And before all [other] things, I will write down accepted principles: The first is that from simple follows simple and there is no sage of the sages of the truth who will not agree with that and so you will find in the Pardes [Rimonim] of R. Moshe Cordovero and the Ar”i (blessed be his memory!) and Avraham ben David of Posquieres in his commentary on Sefer Yetzirah gave us a [principle] that form the Infinity (Ein Sof) necessarily follows an infinitely simple Intellect that bears no difference to the First Cause (Sibah Rishonah), except this is cause and this is effect [ze ‘ilah we-ze ‘alul].

The principle min ha-pashut yotzeh pashut is not a very commonly applied principle but it is invoked by several other Jewish scholars in their writings, among them Shabtai Sheftel Horowitz, the author of the book called Shefa‘ Tal and Maimonides. Cardozo’s wording shows that he relied on Horowitz’s work and his omission of Maimonides’ example shows that he was probably unaware of the similar dictum in the latter’s Guide to the Perplexed. Indeed, Maimonides uses a different wording to express the idea and voices doubt about this principle. Both Maimonides and Horowitz use this idea to explain how God is connected to the intermediaries of the creation — sefirot in Horowitz’s vision and intellects in Maimonides’. Cardozo, on the other hand, uses this principle to elucidate the problem of internal theogony, i.e. how the twofold bipolar and bigender. God of Israel is created the nature of his inner workings. Cardozo is far from the only Jewish thinker to ruminate on the workings of God but no other conventional Jewish thinkers propose that He is created.

Cardozo then goes farther, arguing that God must emanate from two distinct essences based on another idea, namely that “from two simple things follows a complex thing:”

And there is another principle that from two simple things, (i.e. from the first simple and from the second [thing] that exists from the first) if they produce an existing [thing], it will not be a simple, but  complex (Hebrew: meshutaf) and this way from the Primordial light that is from the second simplex sparkle together two lights and they are Bright Light and The Brightest Light (or tzah we-or metzuhtzah) like geonim and R. Shimon Bar Yohai told: that the Cause of Causes that extends from the simple Cause Above All Causes and it is not a simple intellect, but a complex one. Despite that “from the simple follows simple” and the Cause Above All Causes is simple like Upper Infinity (Ein Sof ha-`Elyon) that is the root of all roots, because it does not exist only from the Cause Above All Causes, but from the unity with the Infinity.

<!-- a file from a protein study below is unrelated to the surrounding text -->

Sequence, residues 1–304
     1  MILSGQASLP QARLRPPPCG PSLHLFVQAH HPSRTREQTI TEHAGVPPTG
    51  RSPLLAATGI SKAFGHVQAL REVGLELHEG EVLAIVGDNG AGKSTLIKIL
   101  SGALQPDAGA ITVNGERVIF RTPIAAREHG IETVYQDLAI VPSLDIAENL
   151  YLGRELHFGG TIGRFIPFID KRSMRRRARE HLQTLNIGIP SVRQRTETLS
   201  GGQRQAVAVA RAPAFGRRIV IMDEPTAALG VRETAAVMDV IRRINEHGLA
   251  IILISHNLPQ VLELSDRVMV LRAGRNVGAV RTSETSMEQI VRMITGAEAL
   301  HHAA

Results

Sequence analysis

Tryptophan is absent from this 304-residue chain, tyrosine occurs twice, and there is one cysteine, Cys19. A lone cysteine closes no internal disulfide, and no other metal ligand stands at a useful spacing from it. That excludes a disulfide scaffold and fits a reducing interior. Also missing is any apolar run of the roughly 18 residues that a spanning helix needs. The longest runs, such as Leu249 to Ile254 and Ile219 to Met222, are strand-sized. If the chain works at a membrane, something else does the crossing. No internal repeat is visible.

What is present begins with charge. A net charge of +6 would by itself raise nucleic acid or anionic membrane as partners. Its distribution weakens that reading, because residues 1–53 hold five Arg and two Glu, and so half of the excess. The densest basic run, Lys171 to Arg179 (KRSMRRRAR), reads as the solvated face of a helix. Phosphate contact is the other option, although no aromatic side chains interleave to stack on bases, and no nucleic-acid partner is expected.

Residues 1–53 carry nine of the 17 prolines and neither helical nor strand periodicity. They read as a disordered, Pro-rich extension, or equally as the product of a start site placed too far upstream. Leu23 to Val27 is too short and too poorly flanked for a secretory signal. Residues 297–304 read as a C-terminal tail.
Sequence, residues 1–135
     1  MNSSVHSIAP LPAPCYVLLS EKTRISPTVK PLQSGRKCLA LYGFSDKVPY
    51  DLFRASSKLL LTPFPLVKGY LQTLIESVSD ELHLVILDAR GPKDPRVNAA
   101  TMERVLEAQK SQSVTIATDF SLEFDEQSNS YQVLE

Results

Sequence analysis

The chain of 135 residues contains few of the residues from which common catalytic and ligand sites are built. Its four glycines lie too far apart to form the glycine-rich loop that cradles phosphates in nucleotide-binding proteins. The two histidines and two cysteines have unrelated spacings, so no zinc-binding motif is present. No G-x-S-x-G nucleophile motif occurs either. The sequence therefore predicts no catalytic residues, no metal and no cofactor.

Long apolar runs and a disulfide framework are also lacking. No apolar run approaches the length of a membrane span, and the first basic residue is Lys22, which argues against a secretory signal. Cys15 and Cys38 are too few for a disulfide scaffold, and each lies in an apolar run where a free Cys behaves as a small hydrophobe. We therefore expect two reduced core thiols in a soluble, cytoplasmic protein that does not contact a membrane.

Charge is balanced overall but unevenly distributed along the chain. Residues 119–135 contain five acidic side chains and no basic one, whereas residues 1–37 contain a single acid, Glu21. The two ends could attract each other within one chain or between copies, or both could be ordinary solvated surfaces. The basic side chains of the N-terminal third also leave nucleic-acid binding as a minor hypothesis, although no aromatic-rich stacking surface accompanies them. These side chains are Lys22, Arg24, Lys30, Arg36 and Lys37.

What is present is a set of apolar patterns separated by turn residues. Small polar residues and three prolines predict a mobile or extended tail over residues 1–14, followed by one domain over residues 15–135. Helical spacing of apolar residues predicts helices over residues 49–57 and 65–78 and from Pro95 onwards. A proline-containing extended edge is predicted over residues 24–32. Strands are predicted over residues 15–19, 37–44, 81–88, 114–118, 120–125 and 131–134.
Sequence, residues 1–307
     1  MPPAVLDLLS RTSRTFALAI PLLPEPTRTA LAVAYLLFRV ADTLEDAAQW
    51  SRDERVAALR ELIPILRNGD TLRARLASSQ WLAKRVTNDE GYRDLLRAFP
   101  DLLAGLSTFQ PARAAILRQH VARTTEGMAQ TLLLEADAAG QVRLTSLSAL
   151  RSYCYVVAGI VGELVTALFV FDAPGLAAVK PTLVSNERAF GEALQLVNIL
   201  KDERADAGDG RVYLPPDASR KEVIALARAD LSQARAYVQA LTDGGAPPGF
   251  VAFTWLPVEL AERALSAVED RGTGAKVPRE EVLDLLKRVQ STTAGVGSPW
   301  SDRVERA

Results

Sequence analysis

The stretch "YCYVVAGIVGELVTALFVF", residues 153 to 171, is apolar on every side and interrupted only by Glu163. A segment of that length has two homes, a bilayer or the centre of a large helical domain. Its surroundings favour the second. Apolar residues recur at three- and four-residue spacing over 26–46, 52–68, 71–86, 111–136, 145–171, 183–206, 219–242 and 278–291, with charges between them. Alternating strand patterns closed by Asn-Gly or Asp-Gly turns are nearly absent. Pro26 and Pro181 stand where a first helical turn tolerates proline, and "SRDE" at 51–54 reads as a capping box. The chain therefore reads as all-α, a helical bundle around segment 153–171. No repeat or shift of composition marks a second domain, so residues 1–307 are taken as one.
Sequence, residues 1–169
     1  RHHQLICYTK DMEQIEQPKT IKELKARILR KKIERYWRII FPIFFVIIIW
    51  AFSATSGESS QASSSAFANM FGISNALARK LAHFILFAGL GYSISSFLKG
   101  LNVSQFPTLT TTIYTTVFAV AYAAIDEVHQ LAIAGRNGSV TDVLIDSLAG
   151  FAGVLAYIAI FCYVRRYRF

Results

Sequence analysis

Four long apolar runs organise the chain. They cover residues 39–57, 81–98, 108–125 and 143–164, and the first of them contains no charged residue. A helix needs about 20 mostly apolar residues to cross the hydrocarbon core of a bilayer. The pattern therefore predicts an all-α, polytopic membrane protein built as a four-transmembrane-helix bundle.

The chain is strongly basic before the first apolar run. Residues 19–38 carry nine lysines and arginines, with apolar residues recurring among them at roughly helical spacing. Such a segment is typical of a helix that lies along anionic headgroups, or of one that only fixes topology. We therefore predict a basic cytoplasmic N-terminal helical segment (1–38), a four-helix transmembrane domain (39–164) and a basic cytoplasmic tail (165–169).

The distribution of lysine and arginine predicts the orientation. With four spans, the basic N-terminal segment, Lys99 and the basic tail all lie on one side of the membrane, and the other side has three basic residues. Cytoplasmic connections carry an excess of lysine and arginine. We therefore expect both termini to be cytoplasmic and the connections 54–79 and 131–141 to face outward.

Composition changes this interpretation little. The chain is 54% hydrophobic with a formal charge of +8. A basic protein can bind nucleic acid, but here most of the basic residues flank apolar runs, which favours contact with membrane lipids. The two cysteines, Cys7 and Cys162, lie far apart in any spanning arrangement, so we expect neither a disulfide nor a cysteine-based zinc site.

To Cardozo then, the First Cause, the God of Philosophers who has no interest in our world, creates the second cause. The twofold entity of God of Israel/ Shechinah emanates from this second cause.

Cardozo’s analysis here reflects a similar analysis in Augustine’s De Civitas Dei, which is the only text I’ve found that deals with this problem. In describing the creation of the Trinity, Augustine writes:

“Created,” I say, — that is, made not begotten. For that which is begotten of the simple Good is simple as itself and the same as itself. These two we call the Father and the Son; and both together with the Holy Spirit are one God; and to this Sprit the epithet Holy is in Scripture as it were, appropriated.

Augustine and Cardozo’s theologies in these two texts are quite different: Cardozo would not accept the idea that God is actually the simple Good itself (in other words that the God of Philosophers is trifold). Indeed, as historian David Halperin notes in his biography of Cardozo, Cardozo charged in his works that Christianity misunderstood the true trinity that exists in Judaism. There is, however, an important point of proximity in these two texts in that both treat the problem of the emergence of God’s personae and both employ the same philosophical principle to explain technical aspects of this emergence.

Cardozo’s opposition to Christianity was part of his own painful process of overcoming the trauma of his Marranism and his teachings were an attempt to create a Jewish theology. Chayun’s own theological research makes them visible. Later, Chayun’s ideas evolved into something which was much more grim: they were used by Yakov Frank during the famous dispute of 1759 in Kamieniec where he and his adherents demonstrated that Zohar’s true Judaism, as opposed to “false Talmudic” is about Trinity, and therefore, Jews must embrace Christianity.

Mark Gondelman was born in Riga and has lived in Moscow and Jerusalem. He is now based in New York where he is a doctoral fellow at NYU in Hebraic and Judaic Studies focusing on early modern Jewish mysticism. Mark is currently working to understand Abraham Miguel Cardozo’s legacy within the broader context of early modern thought, philosophy and Jewish and Christian mystical traditions.